You might think it a little odd to write a blog entry just about a train journey, but I'm going to give it a shot. I've actually been looking forward to this for some time due to a love of train rides inspired by long trips to see family in Scotland as a child, plenty of travel in China and reading too much Paul Theroux. Trains were supposedly the great symbol of colonialisation and the means for bringing the three C's to Africa; commerce, Christianity and civilisation. In reality they were a tool of exploitation and a look at a map shows train lines penetrating the skin of Africa like deformed mosquito probosces and driving straight for the continent's resources, sucking it dry. Nowadays, like so many colonial hand-me-downs they have been lamentably allowed to decay and crumble and many of the great railway journeys that were once undertaken are now impossible. I therefore jump at the chance to hop aboard the Tazara line between Dar es Salaam and Kapiri Mposhi in Zambia, a welcome change from endless bus rides.
First however, I must get from one side of Tanzania to the other. To neatly prove my point Tanzania's Central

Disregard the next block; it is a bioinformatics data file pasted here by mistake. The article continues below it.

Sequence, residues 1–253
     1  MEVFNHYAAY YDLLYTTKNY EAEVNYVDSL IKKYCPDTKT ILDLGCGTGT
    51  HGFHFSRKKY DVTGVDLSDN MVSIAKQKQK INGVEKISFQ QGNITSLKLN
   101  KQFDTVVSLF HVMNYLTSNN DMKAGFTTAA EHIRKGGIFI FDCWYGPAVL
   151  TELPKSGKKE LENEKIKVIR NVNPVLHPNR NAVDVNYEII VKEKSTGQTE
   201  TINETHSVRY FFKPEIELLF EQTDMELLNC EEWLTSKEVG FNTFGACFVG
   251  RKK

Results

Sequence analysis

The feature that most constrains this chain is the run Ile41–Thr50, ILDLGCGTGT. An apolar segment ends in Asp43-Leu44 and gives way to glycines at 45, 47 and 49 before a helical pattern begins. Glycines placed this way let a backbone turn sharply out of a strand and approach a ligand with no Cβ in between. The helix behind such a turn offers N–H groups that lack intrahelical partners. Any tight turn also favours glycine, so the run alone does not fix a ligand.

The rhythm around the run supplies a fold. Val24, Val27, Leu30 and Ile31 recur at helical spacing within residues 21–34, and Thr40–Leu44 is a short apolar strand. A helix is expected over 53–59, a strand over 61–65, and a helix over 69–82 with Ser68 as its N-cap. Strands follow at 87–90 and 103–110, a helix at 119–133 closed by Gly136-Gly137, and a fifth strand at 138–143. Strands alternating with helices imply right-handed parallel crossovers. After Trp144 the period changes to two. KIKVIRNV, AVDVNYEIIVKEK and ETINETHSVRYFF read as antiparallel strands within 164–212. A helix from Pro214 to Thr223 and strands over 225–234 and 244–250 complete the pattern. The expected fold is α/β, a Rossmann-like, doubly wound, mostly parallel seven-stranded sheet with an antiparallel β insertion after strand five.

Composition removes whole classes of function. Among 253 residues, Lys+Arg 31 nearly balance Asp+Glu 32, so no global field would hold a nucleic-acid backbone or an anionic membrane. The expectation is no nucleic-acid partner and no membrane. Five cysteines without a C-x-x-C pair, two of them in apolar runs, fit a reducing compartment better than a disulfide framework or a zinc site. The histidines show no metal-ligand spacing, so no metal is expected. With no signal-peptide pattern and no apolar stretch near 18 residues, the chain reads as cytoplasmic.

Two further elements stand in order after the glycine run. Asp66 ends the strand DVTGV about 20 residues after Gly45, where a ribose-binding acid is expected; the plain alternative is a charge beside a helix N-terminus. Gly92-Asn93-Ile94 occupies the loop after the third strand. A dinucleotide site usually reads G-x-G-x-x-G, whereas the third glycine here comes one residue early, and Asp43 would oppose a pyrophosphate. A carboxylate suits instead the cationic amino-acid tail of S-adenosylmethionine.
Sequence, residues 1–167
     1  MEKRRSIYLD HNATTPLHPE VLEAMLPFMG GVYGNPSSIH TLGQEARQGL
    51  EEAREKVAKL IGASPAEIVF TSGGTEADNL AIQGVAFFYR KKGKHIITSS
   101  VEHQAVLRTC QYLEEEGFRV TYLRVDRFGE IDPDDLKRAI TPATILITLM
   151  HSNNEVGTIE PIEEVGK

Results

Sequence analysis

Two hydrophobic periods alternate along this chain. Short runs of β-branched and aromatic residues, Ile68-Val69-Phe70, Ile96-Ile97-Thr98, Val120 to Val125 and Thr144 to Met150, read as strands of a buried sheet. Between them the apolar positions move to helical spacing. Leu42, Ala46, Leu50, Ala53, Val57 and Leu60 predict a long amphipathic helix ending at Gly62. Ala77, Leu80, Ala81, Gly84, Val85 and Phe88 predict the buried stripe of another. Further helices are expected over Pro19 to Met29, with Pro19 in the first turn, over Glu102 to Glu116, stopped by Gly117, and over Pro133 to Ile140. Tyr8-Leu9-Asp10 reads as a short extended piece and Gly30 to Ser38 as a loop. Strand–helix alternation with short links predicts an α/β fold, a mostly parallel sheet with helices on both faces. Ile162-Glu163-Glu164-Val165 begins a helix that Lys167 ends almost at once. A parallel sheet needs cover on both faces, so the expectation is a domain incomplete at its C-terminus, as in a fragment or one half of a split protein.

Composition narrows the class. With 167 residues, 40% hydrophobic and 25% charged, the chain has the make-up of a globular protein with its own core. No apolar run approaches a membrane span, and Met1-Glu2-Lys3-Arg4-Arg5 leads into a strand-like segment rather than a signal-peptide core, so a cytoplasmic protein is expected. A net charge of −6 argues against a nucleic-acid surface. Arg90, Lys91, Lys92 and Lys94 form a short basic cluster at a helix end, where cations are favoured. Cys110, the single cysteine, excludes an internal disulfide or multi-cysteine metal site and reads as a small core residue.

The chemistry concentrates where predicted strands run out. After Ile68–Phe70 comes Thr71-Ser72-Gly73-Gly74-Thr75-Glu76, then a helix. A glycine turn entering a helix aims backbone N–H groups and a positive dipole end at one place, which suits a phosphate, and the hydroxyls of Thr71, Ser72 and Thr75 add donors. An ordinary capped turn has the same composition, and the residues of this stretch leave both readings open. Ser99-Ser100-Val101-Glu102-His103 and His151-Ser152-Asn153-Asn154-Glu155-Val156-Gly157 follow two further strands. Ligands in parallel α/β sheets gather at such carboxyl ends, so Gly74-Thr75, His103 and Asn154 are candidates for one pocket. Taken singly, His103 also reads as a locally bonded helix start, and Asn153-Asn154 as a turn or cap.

Line has recently been suspended indefinitely so instead I get a bus from Kigoma on Lake Tanganika all the way across to Dar. When I inquire about tickets I am told I must wait four days for the first available seat but I manage to harass one guy enough for him to assign me a "staff seat". The next morning however I discover that this just means the floor, which will be my abode for the entire journey of 30 hours! Honestly, thirty years in prison would be a less punishing prospect for my poor posterior. On this agonising Odyssey I am lumbered with my very own Scylla and Charibdis. In front sits a swarthy fat man who insists not only on angling his corpulent limbs to cut off my already limited leg room but also on planting his huge hairy knee with its pubic like foliage right in my face. Behind me on the floor reclines an equally obese young mother. Her infant is an absolute brat, which is a surprise because African babies have impressed me so far with their stoicism and durability on such long journeys, and insists on soiling itself every few minutes. The mother treats